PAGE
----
The manufacturer’s instructions are also a good guide to determine the pool salt required; sometimes, adding more than the recommended amount can damage the unit.
Some generators have inbuilt control panels that display the water’s alkalinity, failing which, you’ll have to whip out your testing kit or salt meter.
Low salinity levels can be dealt with by adding more salt, whereas excessive levels of salt will require dilution of the water.
Alkalinity is as important as salinity, as it keeps the pH level stable. Excessive alkalinity clouds your pool water, whereas too little could corrode or damage your pool.
The ideal levels are between 80 and 120 PPM. Alkalinity can be lowered using muriatic acid or sodium bisulfate products, whereas to increase it, you can add sodium bicarbonate.
Remember, testing the alkalinity is a process over days, as you need to slowly add the chemicals and retest it every day.
Need Cyanuric Acid? :
Cyanuric acid (CYA) is a stabilizer that keeps your pool’s chlorine from being burnt out from the sun’s UV rays. Without CYA, your pool could lose as much as 90% of its chlorine on a gloriously sunny day.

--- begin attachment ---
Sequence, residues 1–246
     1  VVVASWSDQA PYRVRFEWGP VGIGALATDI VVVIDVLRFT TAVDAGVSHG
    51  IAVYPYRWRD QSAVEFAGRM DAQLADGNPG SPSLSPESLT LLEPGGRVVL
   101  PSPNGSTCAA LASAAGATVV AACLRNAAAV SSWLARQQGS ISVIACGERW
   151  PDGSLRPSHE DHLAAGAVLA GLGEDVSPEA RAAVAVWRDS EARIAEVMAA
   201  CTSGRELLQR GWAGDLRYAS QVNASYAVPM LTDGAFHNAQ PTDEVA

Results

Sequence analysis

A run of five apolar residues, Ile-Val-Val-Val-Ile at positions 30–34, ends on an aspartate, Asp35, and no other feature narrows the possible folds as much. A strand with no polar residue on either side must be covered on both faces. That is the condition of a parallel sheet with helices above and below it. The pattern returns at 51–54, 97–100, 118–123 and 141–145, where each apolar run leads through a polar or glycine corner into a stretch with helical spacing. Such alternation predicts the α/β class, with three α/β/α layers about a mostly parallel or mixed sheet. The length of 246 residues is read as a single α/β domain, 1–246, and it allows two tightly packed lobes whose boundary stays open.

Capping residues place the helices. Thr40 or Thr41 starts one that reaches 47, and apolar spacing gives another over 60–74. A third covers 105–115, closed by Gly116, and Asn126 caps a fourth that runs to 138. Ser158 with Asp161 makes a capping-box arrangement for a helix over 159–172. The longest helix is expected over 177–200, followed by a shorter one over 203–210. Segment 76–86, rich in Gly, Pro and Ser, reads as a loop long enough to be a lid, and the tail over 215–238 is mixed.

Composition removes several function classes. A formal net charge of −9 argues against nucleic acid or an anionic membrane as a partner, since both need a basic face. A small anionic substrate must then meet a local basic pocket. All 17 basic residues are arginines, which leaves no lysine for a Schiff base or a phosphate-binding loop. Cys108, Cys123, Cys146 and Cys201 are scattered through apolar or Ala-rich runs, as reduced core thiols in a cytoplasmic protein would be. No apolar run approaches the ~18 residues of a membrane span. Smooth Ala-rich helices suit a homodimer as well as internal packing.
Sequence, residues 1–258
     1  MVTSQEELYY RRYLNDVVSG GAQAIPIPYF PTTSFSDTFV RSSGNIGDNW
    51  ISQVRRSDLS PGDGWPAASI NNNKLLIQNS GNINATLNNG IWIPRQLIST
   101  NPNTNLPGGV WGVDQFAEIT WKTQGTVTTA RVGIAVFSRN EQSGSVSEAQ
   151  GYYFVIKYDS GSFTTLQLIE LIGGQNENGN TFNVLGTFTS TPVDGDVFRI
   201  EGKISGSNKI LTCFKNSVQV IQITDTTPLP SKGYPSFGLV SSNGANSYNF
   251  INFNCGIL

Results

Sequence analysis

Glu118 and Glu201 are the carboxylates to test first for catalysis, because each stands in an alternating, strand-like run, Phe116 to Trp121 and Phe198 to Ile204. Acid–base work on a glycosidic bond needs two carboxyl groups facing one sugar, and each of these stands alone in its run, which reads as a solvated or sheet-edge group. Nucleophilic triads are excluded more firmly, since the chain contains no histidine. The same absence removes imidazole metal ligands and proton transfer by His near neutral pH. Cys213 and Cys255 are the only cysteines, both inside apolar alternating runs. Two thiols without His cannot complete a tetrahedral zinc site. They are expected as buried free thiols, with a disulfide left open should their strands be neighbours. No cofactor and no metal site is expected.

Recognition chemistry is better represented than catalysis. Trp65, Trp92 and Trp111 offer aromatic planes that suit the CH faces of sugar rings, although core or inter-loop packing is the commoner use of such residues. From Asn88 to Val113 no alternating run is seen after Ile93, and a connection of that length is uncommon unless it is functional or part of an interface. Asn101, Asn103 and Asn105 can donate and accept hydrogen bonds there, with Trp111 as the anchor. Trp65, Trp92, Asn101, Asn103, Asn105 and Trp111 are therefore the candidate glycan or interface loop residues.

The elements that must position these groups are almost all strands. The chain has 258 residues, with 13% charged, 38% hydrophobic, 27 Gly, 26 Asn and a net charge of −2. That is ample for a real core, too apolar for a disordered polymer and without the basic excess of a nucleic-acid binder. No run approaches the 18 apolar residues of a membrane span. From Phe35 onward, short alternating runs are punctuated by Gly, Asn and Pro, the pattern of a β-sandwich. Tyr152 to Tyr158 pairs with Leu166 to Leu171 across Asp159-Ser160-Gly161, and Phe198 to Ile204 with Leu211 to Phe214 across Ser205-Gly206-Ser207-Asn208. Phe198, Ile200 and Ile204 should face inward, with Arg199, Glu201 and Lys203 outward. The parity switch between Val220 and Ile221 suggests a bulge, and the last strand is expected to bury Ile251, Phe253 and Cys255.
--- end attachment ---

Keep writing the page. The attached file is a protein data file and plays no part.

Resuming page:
CYA should lie between 70 and 80 PPM for salt pools. CYA levels can be easily increased by adding more of the acid, but to lower Cyanuric acid levels, you’ll need to dilute it by draining a little of the existing water and replacing the drained water with fresh water.
Sometimes, if the levels aren’t too high, the CYA amount corrects itself in a couple of days.
Calcium hardness can lead to scaling, if excessive and corrosion, if low. Therefore, it’s important to keep calcium hardness balanced between 200 and 400 PPM.
If the levels are too low, add more calcium to the pool. If it’s the opposite, you’ll need to dilute the pool again, like with salinity and CYA, or you could use a flocculant.
If that doesn’t do the trick, calling a professional may be your best bet.
Quarterly Maintenance Tasks
It’s a good idea to inspect your pool’s salt cell every quarter, to ensure that it’s performing as it should do. Generally, most units are equipped with lights or alerts to let you know when you should check your salt cell.
If your salt cell doesn’t, set a reminder on your calendar so that you don’t overlook this important step!
Turn off your salt cell generator, open the unit and look for buildup. If there isn’t much, a simple rinse and replace will do. If there’s a noticeable buildup or any scaling, a thorough cleaning is in order.
Sometimes, scrubbing off the scale with a brush and spraying it down with a high-pressure nozzle works. In the event that it doesn’t, a mild wash with hydrochloric acid definitely will.
Additionally, though you should be cleaning your pump, pool filter and skimmer daily, quarterly is a great time to do the job thoroughly.
Saltwater Pool Winterization